Update on Climate Change


This note is an update to the climate change article from last year.  The story hasn’t gotten any better, but there is enough that’s new to warrant a revisit.

The most fundamental piece of bad news is the opening figure, which comes from the Global Carbon Project.  After three years of seeming stability, the world production of carbon dioxide increased significantly in 2017.  (The figure says “projection” just to indicate that the final computations are in process.)  Without too much evidence we might as well call that the Trump bump.  As we noted last time, worldwide unanimity on climate change is important precisely because the advantages of cheating are so obvious.  We—with probably the most to gain from the Paris Agreement process—are the cheaters in chief.  So it’s not surprising others will have fewer second thoughts as well.

We have to put this change into perspective.  Even a stable value of CO2 emission means things are getting worse, because it is the total amount of CO2 in the atmosphere that drives temperature change, and it all adds up.  The stable value was attractive, because it seemed to indicate that CO2 had finally peaked and might start to decline.  And the decline might mean the total CO2 could be bounded.  We’re now back to worrying about the peak, with no idea how bad things will get.

Two more new slides from the Global Carbon Project show what we stand to gain from Paris Agreement unanimity.  The first shows the current per capita production of carbon dioxide.


As has been true for many years US per capita usage sits way above everyone else, more than twice both Europe and China.  That is a direct expression of our carbon-powered standard of living.

The second slide shows who is going to have to make changes to protect that US standard of living from the effects of climate change.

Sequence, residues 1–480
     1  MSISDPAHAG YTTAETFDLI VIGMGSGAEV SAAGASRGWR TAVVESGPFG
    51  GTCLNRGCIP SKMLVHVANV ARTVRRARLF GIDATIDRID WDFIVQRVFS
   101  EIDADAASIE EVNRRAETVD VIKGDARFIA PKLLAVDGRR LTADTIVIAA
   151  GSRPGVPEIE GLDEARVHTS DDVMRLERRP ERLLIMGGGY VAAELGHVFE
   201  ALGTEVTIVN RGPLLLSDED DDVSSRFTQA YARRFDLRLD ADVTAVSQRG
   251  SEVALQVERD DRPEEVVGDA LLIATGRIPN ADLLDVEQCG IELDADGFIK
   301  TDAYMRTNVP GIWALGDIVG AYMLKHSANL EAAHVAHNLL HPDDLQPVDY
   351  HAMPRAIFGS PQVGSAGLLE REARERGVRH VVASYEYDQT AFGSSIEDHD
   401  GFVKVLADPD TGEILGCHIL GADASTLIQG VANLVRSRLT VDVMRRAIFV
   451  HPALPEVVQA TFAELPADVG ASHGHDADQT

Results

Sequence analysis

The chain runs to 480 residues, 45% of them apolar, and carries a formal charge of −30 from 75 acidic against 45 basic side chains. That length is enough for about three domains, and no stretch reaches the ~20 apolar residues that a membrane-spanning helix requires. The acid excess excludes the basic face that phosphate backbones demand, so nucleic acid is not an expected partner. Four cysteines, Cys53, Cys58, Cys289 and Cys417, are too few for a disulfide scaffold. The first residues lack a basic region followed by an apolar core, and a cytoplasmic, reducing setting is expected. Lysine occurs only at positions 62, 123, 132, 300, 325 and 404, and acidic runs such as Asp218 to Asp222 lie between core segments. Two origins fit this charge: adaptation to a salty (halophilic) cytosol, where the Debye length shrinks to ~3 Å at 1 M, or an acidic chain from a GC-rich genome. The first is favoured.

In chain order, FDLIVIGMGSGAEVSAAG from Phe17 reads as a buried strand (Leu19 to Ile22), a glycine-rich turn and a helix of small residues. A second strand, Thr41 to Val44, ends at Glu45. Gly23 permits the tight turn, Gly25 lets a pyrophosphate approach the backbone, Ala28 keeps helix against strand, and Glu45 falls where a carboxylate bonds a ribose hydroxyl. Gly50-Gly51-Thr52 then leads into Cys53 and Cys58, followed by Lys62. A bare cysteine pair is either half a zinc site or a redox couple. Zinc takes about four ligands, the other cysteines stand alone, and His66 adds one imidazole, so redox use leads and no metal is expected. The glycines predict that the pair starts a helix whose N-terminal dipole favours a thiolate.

This shows that the major growth in carbon dioxide production is not from the biggest economies (note that even China has stabilized), it’s from the have-nots trying to achieve some fraction of our standard of living.   We are asking them to ignore not only our past exploitation of fossil fuel resources but even our current high per capita use and to delay their own immediate hopes for a better life in order to make the world a safer place for everyone.  So much for the question of who benefits from the Paris Agreement process!

That introduces the next topic—public attitudes to climate change.  There were enough strange weather events in the past year to give people pause, so we’re getting close to—but still not over—the hump.  The latest poll numbers have both good news and bad.  First the good news:

Overall, 45 percent of those surveyed said global warming would pose a serious threat in their lifetimes, the highest overall percentage recorded since Gallup first asked the question in 1997. Despite partisan divisions, majorities of Americans as a whole continue to believe by wide margins that most scientists think global warming is taking place, that it is caused by human activities and that its effects have begun.

Then the bad—the improvement is only partisan:

Gallup asked whether people agreed that most scientists believe global warming is occurring, and 42 percent of Republicans said yes, down from 53 percent a year earlier and back to a level last seen in 2014. Just 35 percent of Republicans said that they believe global warming is caused by human activities, down from 40 percent.

This seems like another proof of a much-discussed feature of human nature—when people are confronted with proof that their beliefs are wrong, they double down on defending those beliefs.   Unfortunately those are the people running the show.

How can turn that around?  A recent Steven Pinker book made an interesting point.  Much of the rhetoric around climate change focusses on conservation and a new world view of collective responsibility.  But actually conservation isn’t really the main point—since we’re not repealing the industrial revolution, the main point has to be new energy sources.  We’re not creating a new world where no one drives Chevy Suburbans anymore, we’re just changing the power source.  Conservation, however important, is about buying time until we can get there.  Perhaps that’s one way to get climate change out of the culture wars (as it should be).

In any case the focus has to be on the reality of climate change, and everything else is tactics. With tactics it’s easier to be bipartisan.   One indication is that Congress, over Trump’s objection, passed a bill continuing tax breaks for solar, nuclear, geothermal, and carbon-capture projects.  This effort united left-wing and right-wing approaches to climate change largely under the radar.  However, it must be recognized that even with such efforts the US is now lagging far behind in support for the technology of climate change.